No matter what medium you work in, keeping a photographic record of your art is essential in this digital age. Whether you plan on using the photographs in promotional brochures, in your portfolio books, on social media sites or on your own website, high quality photographs that truly depict your art are only slightly less important than the work itself.
One advantage modern artists have in taking photographs of their art is being able to use a digital camera. The technology allows you to instantly review the total effect of your shot, along with the focus, exposure and any glare or lighting issues rather than waiting days for pictures to be professionally developed.
Additional digital benefits include the ability to work on your photos immediately afterwards using specialized software such as Photoshop, combined with the ease of storing and backing up your photos. Properly stored digital images can literally last for centuries, which can be a huge plus when you gain international fame.
Don’t worry about spending a small fortune on a high-end digital camera for your photographs. The technology is so refined that self-focusing point-and-click cameras priced in the low- to mid-range produce very good results. It is worth investing in a tripod so there’s little to no chance of blurry photos, however.
Once you have a nice collection of photographs, they can be reproduced without any loss of quality by following these tips:
• An endless number of full-resolution digital copies will remain identical to the original photo as long as the copies are made using the original format.
• JPEGs lose quality nearly every time they’re copied or saved.
• Every analog copy of prints, negatives or color slides will be different from the original and each other. That difference will grow with every successive generation of copies until the image becomes completely unrecognizable from the original work of art.
• Forget film – it fades and the colors change according to humidity, temperature, storage conditions and time. Slides and prints can be easily made from digital images any time.
Everything Will Affect the Photos
The medium, shape, dimensions and texture of your artwork, the natural and unnatural light sources under which you’re taking the photos and even shooting near brightly colored objects can affect the final result.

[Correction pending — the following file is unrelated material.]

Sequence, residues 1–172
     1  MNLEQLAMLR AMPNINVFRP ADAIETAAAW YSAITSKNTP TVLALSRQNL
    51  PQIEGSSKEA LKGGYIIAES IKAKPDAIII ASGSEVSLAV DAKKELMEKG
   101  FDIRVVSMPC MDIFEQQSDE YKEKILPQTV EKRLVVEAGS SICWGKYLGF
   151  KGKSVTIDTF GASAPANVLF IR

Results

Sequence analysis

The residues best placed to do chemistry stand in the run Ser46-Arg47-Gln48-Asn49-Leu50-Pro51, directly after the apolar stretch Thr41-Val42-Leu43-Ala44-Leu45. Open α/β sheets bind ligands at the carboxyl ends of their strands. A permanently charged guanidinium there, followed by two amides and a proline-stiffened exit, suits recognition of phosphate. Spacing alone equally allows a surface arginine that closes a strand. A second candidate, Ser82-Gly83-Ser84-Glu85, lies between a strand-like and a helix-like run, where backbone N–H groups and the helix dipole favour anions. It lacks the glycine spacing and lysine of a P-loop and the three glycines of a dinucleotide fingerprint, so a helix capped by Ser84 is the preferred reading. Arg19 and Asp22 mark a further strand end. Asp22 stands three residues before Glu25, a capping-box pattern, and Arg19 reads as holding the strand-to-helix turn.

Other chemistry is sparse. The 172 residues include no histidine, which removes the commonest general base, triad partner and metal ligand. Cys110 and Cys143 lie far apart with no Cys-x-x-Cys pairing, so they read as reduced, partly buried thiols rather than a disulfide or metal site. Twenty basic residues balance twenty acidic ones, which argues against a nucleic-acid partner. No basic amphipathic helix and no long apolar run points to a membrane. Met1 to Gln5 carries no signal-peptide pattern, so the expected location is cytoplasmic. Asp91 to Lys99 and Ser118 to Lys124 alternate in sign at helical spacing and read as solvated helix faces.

Three dimensional and extremely large pieces are the hardest because the light and shadow will impact your work more than when you’re simply photographing two-dimensional pieces such as paintings or drawings. This doesn’t mean that taking great photos of complicated art is impossible, it merely takes a little creative light manipulation.
If your art does involve intricate colors, shapes or textures, direct sunlight may be the best light source. On the other hand, full shade or the light from an overcast sky is usually fine for photographing two-dimensional art.
The one type of light to avoid at all costs, under every possible condition is fluorescent light. These lights are especially dangerous to photographic prints as well as ink jet and offset (printing press) ink prints. Always try to avoid storing or exhibiting your art in rooms illuminated by fluorescent lights.
A Few Photography Tips
You really don’t have to run out and take photography classes in order to take some stunning photos of your art. If you get frustrated trying to find the right angle and light source, try to relax and enjoy the creative experience – you’re not the first artist to suffer from photo anxiety. Here are a few photography tips that may just ease some of that angst.
• When lining up your shots, make sure the camera lens is parallel with the artwork. If photographing flat or two-dimensional artwork, consider hanging it on a neutral-colored wall. If this isn’t possible due to your location, lean it as straight as possible against an immovable object, as the camera will still have to be parallel with the surface of the piece.
• Always check your angles to ensure your art isn’t projecting any shine, reflections or glare which will affect the photograph.
• You want to get the largest possible image you can, so position your camera close enough to the art so there’s literally no white or empty space around the image. This is easily accomplished by keeping the camera aimed directly at the center of the artwork.
• Make sure the camera’s flash is turned off, not set on auto. The glare and flash reflections will ruin even the finest shot. If more light is needed, add another light source.
• When uploading and editing the digital copies, remember to compare the photos on your computer screen with the real artwork in order to get the best results. Most image editing software comes with image enhancement tools to adjust exposure, levels, color and balance, which can make up for small errors in lighting or clarity. These programs are designed specifically for getting your images looking as close to the real thing as possible.
There are many people and places that need photographs of your art — your own archives, exhibition curators, publishers, art competitions and job opportunities — and all of them insist on digital images.
The beauty of digital is that you can learn to do almost everything yourself — if you have the camera, the software, the art and time to practice.